New publication: effects of glyphosate and captivity on bacterial microbiota in False Map Turtles

Understanding how environmental factors influence various aspects of freshwater turtle health remains an important yet understudied topic within the context of individual–environment interactions. This is particularly true of hostassociated bacterial microbiota, which are being increasingly recognized as a significant and understudied topic in the context of individual turtle health. While this area of work has expanded in certain areas, research efforts remain limited with regard to host–microbiota interactions in the context of habitat contaminants. Specifically, the commonly used herbicide, glyphosate, is of interest due to its massive worldwide use and known effects on various organisms. Effects of captivity on host-associated microbial community structure also remain largely unknown in various nonmodel organisms. To address these unknown effects of Roundup® and captivity on host-associated microbiomes, we examined the effects of low-level Roundup® exposure and captivity on the cloacal microbiota of the False Map Turtle, Graptemys pseudogeographica. We determined the effect of glyphosate by taking cloacal swabs pre- (0 h) and postexposure (72 h) and examined microbial community beta- and alpha-diversity through 16S rRNA gene high-throughput sequencing. The results of this study indicate that low-level, short-term glyphosate exposure does not significantly alter the microbiota structure of G. pseudogeographica. However, there was a significant decrease in microbial community beta-diversity over time, confirming a trend that has been observed to a limited extent in other non-model organisms when put in laboratory conditions. These results are useful in understanding the baseline cloaca microbial community structure of G. pseudogeographica, as well as the implications and limitations of laboratory-based microbiota studies. Furthermore, this work suggests that low-level and short-term glyphosate exposure does not have a significant effect on the cloacal microbial community structure in wild-caught G. pseudogeographica.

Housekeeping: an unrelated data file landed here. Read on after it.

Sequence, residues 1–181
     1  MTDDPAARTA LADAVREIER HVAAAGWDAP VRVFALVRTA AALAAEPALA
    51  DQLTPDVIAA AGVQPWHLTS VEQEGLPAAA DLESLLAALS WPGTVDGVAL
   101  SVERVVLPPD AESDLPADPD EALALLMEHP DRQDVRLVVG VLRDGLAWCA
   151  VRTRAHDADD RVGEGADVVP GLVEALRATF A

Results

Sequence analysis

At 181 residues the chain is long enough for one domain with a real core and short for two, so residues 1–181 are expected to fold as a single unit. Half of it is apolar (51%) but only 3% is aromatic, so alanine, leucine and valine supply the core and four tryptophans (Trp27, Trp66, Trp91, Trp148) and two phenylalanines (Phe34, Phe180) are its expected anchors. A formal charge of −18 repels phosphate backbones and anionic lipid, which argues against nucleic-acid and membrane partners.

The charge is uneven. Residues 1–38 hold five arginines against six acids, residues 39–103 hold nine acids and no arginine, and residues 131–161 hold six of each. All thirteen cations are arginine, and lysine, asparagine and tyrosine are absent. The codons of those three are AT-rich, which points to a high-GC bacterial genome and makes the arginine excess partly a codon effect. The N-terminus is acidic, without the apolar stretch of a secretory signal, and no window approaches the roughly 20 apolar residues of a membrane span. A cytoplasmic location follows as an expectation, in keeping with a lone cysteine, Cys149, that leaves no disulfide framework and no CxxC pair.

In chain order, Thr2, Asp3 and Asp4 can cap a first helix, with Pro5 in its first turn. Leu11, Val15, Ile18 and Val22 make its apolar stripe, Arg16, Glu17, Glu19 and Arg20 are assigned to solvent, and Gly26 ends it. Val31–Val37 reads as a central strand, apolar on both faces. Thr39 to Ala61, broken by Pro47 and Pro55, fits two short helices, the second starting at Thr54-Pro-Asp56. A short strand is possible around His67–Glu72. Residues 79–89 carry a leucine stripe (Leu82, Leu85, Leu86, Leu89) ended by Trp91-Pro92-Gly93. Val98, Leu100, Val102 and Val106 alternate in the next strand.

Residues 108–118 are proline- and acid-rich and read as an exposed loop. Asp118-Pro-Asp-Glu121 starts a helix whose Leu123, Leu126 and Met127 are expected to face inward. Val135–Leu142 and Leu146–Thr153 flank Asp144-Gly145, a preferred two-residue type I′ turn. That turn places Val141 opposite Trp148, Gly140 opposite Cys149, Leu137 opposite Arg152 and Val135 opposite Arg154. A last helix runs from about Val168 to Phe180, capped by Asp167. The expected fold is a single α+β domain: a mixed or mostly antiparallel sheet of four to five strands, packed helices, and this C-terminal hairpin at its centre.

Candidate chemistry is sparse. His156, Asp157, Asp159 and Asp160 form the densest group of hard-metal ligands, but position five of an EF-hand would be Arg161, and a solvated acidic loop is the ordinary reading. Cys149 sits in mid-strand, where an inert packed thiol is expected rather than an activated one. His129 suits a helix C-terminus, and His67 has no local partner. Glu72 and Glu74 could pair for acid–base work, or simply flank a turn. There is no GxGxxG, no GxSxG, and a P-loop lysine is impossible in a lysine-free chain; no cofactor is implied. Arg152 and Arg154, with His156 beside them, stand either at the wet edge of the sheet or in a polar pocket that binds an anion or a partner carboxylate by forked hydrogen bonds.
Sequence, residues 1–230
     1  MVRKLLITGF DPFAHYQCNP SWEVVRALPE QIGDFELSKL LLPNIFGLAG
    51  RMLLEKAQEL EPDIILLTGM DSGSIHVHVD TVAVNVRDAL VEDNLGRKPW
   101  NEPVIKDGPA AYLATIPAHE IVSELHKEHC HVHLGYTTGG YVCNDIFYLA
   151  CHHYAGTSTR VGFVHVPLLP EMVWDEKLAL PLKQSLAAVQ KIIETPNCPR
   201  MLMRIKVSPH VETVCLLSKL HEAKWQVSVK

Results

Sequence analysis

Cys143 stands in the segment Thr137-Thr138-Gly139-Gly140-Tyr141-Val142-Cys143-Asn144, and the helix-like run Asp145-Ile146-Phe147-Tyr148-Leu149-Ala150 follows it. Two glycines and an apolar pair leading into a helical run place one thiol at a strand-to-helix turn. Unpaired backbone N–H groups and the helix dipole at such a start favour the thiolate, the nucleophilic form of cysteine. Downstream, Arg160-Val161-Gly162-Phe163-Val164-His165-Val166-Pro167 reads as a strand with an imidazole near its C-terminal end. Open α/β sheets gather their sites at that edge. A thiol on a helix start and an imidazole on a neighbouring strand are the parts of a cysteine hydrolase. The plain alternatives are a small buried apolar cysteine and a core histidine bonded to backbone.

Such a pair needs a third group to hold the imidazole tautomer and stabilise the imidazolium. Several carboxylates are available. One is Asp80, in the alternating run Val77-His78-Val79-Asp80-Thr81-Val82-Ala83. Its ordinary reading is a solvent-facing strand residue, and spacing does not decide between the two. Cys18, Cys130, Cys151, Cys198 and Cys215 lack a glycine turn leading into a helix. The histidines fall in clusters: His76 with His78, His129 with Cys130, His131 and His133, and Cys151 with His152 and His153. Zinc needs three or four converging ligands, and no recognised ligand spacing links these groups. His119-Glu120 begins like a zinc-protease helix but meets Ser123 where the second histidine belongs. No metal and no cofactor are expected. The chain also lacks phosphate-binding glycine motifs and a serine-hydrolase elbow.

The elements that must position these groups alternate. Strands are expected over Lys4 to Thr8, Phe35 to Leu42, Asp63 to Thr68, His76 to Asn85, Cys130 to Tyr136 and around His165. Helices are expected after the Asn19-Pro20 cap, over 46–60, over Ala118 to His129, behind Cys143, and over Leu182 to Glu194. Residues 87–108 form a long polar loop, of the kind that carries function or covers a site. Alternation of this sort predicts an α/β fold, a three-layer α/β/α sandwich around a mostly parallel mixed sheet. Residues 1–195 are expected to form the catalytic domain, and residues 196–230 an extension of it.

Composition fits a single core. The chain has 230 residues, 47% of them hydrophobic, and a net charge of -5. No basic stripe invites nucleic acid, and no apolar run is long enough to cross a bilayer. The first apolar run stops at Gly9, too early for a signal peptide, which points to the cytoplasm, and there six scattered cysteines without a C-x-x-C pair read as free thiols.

Madison JD, Austin SD*, Davis DR, Kerby JL. 2018. Bacterial microbiota response in Graptemys pseudogeographica to captivity and Roundup® exposure. Copeia 106:580–588. [PDF]


 

New publication: co-infection of Bd and RV in Oklahoma amphibians

Global amphibian decline continues to be a great concern despite our increased understanding of the causes behind the observed patterns of the decline, such as habitat modification and infectious diseases. Although there is a large body of literature on the topic of amphibian infectious diseases, pathogen prevalence and distribution among entire communities of species in many regions remain poorly understood. In addition to these geographic gaps in our understanding, past work has focused largely on individual pathogens, either Batrachochytrium dendrobatidis (Bd) or ranavirus (RV), rather than dual infection rates among host species. We sampled for prevalence and infection load of both pathogens in 514 amphibians across 16 total sites in northeastern Oklahoma. Amphibians were caught by hand, net, or seine; they were swabbed to screen for Bd; and liver tissue samples were collected to screen for RV. Overall results of quantitative PCR assays showed that 7% of screened individuals were infected with RV only, 37% were infected with Bd only, and 9% were infected with both pathogens simultaneously. We also documented disease presence in several rare amphibian species that are currently being  monitored as species of concern due to their small population sizes in Oklahoma. This study synthesizes a growing body of research regarding infectious diseases among amphibian communities in the central United States.